I’ve been thinking about what it was like to be a comfortable Christian church member; remembering the soothing feelings of belonging to a morally superior movement with a great commission directly from the throne room of Almighty God.
The high I experienced from just mingling with younger generations (as teacher, supervisor, chaperone, worship leader, etc.), reveling in their energy, soaking up their contagious attitudes of earnest, idealistic hopefulness and utter confidence in the Bible and the happy future it promised us– it reinforced the superiority complex and pride because the “high” was “natural,” not from supposedly satanic substances. And it felt good to know we were superior and to be proud of that lofty status.
Thought experiment: If I could confront that past self with my current atheist understanding of the world, say in a dream or time machine, I’m fairly certain that Christian Jim (CJ) could not be convinced to agree with Atheist Jim (AJ). CJ would fear AJ was a Satanic apparition, and CJ’s beliefs about such visitations as predicted by his eschatology would be confirmed.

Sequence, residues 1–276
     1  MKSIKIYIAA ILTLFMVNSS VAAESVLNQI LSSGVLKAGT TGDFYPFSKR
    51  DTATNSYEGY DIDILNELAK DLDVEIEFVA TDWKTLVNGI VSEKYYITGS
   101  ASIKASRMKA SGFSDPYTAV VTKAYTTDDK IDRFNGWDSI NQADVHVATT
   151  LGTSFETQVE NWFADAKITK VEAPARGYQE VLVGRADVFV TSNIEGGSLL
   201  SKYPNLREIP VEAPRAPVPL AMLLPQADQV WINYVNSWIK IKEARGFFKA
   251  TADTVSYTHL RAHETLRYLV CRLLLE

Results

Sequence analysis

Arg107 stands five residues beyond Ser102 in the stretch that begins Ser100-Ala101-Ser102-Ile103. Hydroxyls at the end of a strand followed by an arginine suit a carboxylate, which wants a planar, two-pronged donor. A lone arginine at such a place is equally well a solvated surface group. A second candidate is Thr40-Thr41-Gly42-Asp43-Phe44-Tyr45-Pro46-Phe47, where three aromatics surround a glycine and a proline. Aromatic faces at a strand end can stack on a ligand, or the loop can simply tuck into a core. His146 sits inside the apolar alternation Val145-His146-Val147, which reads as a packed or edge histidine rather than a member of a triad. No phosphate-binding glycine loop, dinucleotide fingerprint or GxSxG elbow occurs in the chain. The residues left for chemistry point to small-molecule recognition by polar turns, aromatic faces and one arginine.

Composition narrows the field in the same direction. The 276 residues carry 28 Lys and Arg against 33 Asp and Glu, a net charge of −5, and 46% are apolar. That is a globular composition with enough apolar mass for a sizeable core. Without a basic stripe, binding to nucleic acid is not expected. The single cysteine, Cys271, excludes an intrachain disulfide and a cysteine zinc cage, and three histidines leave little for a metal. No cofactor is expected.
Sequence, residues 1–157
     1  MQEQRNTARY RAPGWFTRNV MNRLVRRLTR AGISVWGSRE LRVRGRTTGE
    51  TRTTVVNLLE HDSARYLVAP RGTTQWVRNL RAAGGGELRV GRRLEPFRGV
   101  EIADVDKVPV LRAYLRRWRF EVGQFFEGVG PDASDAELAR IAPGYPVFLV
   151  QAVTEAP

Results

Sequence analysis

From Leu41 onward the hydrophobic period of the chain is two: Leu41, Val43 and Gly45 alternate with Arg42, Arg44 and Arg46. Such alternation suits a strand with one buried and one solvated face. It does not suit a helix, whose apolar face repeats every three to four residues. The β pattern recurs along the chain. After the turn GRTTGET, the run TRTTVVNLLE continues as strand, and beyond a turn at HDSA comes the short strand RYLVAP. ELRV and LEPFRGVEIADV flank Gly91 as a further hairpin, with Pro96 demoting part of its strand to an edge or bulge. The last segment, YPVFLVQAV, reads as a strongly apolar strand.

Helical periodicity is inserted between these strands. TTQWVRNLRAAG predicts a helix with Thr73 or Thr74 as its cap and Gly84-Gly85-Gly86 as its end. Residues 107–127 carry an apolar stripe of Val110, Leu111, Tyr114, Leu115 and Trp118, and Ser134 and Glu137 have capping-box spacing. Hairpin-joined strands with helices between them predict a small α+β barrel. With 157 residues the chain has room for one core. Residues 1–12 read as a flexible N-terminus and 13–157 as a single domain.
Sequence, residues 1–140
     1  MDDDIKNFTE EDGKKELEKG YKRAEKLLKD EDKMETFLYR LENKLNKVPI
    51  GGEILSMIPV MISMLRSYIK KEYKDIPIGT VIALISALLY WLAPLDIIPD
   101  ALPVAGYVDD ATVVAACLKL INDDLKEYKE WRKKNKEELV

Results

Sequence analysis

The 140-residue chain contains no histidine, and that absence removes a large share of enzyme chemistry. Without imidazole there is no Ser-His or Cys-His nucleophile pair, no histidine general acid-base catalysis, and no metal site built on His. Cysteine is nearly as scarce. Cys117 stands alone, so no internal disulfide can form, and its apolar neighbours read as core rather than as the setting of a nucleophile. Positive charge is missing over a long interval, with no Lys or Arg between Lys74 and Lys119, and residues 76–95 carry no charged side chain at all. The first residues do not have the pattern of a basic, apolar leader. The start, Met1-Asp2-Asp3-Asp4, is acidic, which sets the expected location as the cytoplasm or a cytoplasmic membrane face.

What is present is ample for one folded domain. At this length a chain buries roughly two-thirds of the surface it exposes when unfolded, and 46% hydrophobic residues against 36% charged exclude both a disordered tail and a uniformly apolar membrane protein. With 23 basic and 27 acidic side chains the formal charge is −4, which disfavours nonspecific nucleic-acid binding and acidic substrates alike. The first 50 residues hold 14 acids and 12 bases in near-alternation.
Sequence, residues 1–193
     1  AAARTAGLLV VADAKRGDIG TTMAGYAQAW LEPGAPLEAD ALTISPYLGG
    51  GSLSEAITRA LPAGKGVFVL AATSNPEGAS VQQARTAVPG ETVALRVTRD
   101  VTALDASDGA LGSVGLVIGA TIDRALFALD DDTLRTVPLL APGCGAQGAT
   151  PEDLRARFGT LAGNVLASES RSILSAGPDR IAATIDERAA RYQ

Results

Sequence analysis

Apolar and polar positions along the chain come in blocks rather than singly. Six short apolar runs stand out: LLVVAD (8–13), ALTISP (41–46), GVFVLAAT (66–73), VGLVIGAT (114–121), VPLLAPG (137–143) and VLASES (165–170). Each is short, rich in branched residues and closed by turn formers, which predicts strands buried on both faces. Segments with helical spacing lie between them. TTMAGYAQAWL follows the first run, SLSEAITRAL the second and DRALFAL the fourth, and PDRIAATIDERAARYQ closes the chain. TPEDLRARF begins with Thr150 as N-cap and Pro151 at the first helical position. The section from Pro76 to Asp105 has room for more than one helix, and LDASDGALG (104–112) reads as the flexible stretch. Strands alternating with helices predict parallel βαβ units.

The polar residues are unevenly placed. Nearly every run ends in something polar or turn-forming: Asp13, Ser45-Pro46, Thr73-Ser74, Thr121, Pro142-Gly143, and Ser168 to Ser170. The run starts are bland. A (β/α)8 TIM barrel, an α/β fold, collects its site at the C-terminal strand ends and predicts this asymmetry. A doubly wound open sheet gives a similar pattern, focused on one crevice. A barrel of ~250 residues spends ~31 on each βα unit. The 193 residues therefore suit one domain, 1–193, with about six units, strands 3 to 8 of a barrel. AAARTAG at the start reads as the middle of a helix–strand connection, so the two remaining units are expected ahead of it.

This confirms the truth of Peter Boghossian’s admonition in his Manual for Creating Atheists. That admonition instructs the counter-apologist (or as he calls it, Street Epistemologist) to stay away from facts and evidence when interacting with believers if you hope to move them closer to questioning their faith. Counter-intuitive as it is to me (AJ), who holds facts and evidence in such high regard, the use of such with the true believers will actually make them double down on their faith, which is counterproductive to the encounter.
It’s true. I see it. I know it from experience interacting with believers. And this thought experiment reinforces the truth of it. Yet I’m finding it terribly challenging to apply this admonition in my interactions.
Why? And what to do about it?
My first desire is for a role-playing opportunity to address this specific admonition, allowing me to practice, practice, practice the mental and social disciplines required. Otherwise, each interaction devolves into that supreme waste of time (for street epistemology purposes) known as a debate.
Debate participants rarely change their mind as a result of a debate. Observers might, and thus debates have good uses. But turning discussions into debates is a great way to prevent any positive changes. And who wants to prevent that?